Arts & Culture Community Community Commentary Family Food, Restaurants & Dining Music & Events Fara Illich October 15, 2015

“Lend a hand before you lose one.”
This may be the tongue-in-cheek slogan of the seventh annual Downtown Phoenix Zombie Walk, but this year more than ever, organizers are urging zombie enthusiasts to think seriously about hunger in Arizona.
“One in four children go to bed hungry every night and it’s something we need to combat,” said Jerry Brown, director of media relations for St. Mary’s Food Bank Alliance. “Arizona has a real hunger problem.”
That’s why Downtown Phoenix Inc. (DPI), which organizes Zombie Walk each year, formed a partnership with St. Mary’s five years ago. As a free, family-friendly event with thousands in attendance, organizers quickly realized its potential as a vehicle for change.
In 2014, downtown Zombie Walkers donated 1,200 pounds of food to St. Mary’s Food Bank and this year Sara Anderson, director of events at DPI, said she hopes to make Zombie Walk 7 the most charitable event yet.
“There’s other zombie walks around the nation that are really focused on the number of zombies that attend their festivals — we are not so focused on the number of heads,” she said. “This year we’re trying to establish the idea that we’re the most charitable zombies.”

Cash donations stretch the furthest and each dollar equals seven meals going into the community. (Photo: St. Mary's Food Bank Alliance)

Cash donations stretch the furthest and each dollar equals seven meals going into the community. (Photo: St. Mary’s Food Bank Alliance)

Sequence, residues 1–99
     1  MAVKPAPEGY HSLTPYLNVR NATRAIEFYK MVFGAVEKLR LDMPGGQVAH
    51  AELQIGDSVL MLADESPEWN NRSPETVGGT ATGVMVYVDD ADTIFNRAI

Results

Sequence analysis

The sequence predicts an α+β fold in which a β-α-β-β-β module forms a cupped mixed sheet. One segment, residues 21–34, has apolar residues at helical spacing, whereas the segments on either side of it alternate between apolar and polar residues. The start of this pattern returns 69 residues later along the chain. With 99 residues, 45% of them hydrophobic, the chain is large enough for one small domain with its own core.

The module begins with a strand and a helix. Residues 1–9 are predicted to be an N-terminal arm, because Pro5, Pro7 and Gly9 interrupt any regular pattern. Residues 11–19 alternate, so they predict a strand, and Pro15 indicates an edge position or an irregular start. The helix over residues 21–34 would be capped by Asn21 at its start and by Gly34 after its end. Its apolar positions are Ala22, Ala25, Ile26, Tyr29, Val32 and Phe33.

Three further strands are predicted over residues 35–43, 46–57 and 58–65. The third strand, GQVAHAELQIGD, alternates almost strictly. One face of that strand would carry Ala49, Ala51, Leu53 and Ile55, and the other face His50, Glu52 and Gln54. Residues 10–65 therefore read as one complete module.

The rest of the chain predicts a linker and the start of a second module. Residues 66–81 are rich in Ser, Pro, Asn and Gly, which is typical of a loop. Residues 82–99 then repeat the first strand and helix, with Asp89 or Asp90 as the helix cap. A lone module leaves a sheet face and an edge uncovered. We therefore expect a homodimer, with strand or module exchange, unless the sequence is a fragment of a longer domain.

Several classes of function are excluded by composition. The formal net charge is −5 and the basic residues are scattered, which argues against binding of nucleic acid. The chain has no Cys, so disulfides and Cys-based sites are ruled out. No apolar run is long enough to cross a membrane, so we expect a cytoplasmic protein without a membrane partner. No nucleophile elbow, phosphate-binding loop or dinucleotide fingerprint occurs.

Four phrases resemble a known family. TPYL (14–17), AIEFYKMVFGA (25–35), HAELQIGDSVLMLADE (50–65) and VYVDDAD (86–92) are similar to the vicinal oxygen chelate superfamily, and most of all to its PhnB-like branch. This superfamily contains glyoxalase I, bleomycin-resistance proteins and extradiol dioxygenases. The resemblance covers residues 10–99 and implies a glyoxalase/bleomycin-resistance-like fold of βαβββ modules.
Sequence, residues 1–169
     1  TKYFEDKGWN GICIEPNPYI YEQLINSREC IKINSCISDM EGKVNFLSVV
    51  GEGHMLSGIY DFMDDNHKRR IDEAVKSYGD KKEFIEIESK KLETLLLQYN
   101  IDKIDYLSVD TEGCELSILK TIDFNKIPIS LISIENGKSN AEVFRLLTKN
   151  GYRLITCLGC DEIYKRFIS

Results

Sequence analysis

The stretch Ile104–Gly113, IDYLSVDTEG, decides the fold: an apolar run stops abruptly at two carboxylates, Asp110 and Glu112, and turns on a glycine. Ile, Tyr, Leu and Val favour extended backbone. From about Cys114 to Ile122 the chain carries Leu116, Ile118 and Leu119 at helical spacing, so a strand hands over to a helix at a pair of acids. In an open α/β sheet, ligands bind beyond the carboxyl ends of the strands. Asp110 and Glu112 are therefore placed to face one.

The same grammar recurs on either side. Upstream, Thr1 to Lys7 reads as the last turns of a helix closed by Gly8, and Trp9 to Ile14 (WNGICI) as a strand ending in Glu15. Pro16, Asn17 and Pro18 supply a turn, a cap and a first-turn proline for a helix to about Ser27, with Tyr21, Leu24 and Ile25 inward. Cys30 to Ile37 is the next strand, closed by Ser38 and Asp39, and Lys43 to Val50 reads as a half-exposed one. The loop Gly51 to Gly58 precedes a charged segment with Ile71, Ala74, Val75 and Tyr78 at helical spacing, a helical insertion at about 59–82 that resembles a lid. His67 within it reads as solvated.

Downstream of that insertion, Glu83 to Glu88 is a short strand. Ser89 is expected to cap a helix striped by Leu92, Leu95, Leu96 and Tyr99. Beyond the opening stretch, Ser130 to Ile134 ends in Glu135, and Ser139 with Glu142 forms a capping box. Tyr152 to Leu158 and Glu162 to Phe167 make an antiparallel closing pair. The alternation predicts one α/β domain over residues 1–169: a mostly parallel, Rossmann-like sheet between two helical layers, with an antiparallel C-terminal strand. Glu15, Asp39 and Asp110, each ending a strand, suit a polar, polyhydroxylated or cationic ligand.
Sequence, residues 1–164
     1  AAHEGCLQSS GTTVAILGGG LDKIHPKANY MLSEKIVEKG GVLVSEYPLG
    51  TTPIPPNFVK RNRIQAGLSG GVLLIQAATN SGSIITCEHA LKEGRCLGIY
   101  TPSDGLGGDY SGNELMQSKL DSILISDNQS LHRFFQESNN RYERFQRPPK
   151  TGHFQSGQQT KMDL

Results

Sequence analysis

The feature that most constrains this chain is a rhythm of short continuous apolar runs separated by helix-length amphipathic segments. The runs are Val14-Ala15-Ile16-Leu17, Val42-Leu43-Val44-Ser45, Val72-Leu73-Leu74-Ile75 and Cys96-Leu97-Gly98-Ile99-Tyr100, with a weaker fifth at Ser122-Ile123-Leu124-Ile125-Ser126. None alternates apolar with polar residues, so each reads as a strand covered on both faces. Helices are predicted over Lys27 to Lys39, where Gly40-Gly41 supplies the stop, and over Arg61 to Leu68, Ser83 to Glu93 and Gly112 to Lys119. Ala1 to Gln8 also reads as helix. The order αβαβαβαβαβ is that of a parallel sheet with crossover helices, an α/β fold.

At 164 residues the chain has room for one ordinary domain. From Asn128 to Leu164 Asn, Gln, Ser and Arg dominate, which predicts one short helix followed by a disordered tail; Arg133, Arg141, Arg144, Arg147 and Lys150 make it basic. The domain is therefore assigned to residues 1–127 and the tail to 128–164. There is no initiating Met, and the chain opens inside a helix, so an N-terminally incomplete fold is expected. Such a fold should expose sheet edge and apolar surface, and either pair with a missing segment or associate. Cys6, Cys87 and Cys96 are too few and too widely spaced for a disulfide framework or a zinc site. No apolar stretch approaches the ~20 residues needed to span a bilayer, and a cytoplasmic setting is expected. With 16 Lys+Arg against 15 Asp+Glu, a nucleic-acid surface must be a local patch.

As always, the Zombification Zone will be providing zombie makeovers but this year, in conjunction with Goodwill Arizona, five canned goods or $5 will get you hair, makeup and clothing — everything you need for the zombie apocalypse.
Even for those with their own makeup and costume, non-perishable food items and cash donations are greatly encouraged.
Collections go toward St. Mary’s Emergency Food Boxes, which provide enough to feed a family of four for four days. These boxes are not designed to be a lone food source but often supplement Arizona’s working poor, according to Brown, who may not be able to stretch their funds through the entire month. Emergency Food Boxes also help out the elderly and the homeless.
Ideal items to bring are nutritious things like fruits and veggies, peanut butter, canned meats and other high-protein items like beans and legumes, boxes of cereal, and meals in a can like soup and SpaghettiOs.
But cash donations stretch the furthest, according to Brown. Each dollar equals seven meals going into the community. In a addition to a food drive, this is a big fundraising opportunity for St. Mary’s, and a way to reach a group of people they don’t normally get to.
“Many of these large-scale zombie events are able to marry what people are interested in and like to do with doing something good for the community,” he said. “I think it’s a wonderful concept.”
All donations are appreciated but Brown encourages people to stay away from glass and low-nutrient items like candy, chips or ramen noodles.
Zombie Walk 7 starts at 2 p.m. inside Heritage and Science Park on Saturday, Oct. 24. With live music all day, kids zone, beer gardens, costume contest and the main attraction — a 1.5-mile Zombie Walk through the heart of Downtown Phoenix — this event truly bridges entertainment with community building.